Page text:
We are an incredibly lazy bunch, are we not? We keep the TV remote within arm’s length of the recliner. We drive climate-controlled, fully equipped, automatic everything cars. We don’t climb stairs, we take the elevator. Myself included.
We don’t even go to the trouble of composing a simple, declarative email. Instead we send text messages by the trillions and gather in chat rooms to talk in abbreviated code: btw, lmao, ttfn. Where’s the originality when a text says the same thing, in the same way as a zillion other texts?
On rare occasions, we’ll park ourselves in front of the computer and pound out an email. Maybe. Much more often, though, we communicate by forwarding. That way, we don’t have to compose an email, we just forward one from our inbox, usually a mindless, irrelevant chain letter. The email promises great fortune if we send it to three hundred additional victims within the next ten minutes, but warns of dire consequences if this is ignored. Are you kidding? I forward it to my trash.
I don’t respond to extortion nor do I fall for get rich quick schemes. I fall for everything else (my body practically glows from the frequent x rays), but I don’t fall for million dollar jackpots. And if you shared my particular brand of catastrophically bad luck, you wouldn’t either.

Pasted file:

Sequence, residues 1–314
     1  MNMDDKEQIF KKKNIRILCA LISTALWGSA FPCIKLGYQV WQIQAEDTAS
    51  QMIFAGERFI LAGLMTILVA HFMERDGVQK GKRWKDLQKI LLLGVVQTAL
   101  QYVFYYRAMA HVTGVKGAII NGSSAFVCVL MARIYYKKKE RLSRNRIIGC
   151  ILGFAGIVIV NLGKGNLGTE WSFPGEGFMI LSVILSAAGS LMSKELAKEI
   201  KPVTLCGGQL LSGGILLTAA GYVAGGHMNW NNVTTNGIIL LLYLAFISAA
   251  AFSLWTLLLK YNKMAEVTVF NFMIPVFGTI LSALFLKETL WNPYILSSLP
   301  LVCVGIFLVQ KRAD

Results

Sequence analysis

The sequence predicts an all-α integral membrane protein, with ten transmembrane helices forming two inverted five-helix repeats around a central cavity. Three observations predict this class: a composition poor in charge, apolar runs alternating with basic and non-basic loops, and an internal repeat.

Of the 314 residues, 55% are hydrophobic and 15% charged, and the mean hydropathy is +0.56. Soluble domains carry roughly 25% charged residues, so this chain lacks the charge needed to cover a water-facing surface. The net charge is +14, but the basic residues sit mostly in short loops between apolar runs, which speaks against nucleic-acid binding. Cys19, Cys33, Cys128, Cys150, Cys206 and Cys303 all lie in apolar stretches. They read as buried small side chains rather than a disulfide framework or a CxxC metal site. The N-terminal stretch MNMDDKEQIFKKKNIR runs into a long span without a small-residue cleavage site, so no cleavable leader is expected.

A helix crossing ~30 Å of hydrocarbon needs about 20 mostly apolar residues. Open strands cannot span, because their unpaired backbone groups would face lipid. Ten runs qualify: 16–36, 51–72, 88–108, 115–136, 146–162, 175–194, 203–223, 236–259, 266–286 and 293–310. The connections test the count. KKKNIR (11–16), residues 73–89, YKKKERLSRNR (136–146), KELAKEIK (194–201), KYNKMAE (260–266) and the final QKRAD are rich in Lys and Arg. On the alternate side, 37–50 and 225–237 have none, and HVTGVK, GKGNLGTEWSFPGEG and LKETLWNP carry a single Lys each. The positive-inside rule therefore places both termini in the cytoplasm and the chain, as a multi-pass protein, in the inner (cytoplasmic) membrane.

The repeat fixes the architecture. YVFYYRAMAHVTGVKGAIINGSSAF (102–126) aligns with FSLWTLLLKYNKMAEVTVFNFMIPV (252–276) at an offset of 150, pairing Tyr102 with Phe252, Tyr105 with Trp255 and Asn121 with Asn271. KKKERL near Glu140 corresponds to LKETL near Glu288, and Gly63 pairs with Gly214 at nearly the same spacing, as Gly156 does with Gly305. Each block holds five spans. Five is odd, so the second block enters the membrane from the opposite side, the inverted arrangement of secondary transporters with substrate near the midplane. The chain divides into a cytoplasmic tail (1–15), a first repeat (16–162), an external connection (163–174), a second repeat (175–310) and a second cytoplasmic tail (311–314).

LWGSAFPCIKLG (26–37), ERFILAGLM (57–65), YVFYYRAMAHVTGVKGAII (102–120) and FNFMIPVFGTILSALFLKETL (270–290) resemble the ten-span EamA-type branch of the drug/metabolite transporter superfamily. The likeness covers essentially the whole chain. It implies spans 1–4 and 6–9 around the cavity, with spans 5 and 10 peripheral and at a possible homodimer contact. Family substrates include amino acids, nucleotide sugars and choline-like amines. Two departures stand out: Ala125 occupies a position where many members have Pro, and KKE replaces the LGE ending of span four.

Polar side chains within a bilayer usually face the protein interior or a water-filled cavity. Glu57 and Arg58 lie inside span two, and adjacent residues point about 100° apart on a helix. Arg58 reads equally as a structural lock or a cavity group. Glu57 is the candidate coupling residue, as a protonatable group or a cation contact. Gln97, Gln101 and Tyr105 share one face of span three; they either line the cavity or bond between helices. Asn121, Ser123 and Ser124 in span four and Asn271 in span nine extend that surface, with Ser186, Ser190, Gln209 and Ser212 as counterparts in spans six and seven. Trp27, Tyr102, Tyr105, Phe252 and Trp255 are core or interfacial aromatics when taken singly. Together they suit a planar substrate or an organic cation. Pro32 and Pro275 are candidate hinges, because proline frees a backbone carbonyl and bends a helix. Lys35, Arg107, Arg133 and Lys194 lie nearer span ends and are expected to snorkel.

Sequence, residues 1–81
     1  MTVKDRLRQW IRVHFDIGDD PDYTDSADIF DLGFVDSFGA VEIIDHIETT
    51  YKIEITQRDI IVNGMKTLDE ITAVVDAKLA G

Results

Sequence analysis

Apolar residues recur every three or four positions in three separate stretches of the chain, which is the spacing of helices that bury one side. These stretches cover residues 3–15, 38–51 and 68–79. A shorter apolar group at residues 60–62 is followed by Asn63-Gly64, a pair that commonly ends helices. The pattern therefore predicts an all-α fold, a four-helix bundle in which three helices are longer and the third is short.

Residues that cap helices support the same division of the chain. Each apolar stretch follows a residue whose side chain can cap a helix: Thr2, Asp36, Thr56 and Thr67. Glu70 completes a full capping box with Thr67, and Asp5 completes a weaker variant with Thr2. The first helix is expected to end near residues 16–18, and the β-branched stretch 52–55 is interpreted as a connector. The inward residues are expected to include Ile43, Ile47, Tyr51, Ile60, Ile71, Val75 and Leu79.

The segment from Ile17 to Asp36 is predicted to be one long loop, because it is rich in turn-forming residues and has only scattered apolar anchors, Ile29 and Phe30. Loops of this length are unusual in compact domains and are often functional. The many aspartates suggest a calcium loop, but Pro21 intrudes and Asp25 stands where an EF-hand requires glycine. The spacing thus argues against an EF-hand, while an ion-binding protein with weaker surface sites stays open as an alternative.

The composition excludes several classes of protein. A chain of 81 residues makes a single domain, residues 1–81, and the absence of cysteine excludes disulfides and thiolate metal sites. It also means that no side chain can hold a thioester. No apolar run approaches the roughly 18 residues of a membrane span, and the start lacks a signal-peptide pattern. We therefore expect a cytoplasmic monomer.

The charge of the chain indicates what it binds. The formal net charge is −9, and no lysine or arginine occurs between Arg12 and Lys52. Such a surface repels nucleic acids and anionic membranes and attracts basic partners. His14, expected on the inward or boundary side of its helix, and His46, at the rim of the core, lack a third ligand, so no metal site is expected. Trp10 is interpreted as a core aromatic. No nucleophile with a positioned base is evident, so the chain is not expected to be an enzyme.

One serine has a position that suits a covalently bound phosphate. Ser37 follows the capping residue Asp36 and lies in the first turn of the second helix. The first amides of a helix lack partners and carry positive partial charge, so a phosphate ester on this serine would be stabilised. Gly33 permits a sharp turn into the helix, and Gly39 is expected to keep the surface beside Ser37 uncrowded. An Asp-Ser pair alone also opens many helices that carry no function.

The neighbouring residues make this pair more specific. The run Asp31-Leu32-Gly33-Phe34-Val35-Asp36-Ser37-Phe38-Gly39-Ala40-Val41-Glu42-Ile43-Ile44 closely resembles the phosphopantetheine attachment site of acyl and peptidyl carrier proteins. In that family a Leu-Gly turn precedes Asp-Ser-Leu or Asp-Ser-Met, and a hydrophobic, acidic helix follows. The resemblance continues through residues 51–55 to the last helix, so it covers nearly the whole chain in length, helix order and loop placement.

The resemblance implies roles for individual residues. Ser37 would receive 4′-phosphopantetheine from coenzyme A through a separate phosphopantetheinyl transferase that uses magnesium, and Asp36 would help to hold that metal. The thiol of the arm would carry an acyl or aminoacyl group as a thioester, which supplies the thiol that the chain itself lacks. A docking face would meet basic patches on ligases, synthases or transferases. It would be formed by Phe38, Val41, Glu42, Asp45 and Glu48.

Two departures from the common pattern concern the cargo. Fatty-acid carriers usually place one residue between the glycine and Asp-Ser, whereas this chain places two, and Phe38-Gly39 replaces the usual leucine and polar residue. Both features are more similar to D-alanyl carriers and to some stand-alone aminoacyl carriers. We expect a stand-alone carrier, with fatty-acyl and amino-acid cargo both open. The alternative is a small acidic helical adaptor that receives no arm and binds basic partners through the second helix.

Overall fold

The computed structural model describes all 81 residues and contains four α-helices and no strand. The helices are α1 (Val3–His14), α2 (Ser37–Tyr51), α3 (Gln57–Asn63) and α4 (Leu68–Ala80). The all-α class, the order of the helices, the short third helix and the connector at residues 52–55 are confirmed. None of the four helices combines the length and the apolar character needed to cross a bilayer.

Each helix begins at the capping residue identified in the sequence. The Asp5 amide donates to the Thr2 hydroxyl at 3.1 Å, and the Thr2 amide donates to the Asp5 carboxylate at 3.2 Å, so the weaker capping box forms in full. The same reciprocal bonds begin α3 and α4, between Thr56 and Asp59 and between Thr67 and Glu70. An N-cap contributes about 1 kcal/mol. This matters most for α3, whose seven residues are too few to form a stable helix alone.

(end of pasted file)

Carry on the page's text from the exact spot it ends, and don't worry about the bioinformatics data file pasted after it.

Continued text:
To these threatening emails I am expected to reply with a newsy, entertaining email of my own making. Not one I’ve hijacked from the internet, duplicated, and sent to several dozen other close friends. Yeah? Fat chance. If the best you can do is send a vague threat to my health and happiness, I’m not obliged to amuse you with tales of my egregious social missteps and the new people I meet when they help me up from another fall. I’m drawing the line here, now.
Another irksome development is the appearance of emoticons punctuating a snarky comment, to wit: “hey, what’s up? Did you know you’re starting to smell funny? : ) Gotta run, ttfn, bff.” A smiley face does not make personal attacks charming or forgivable. Insults aside, people are rapidly losing the ability to express themselves and, if this trend continues, we’ll be reduced to pointing and grunting before long.
Where, I ask, is the fun in that?
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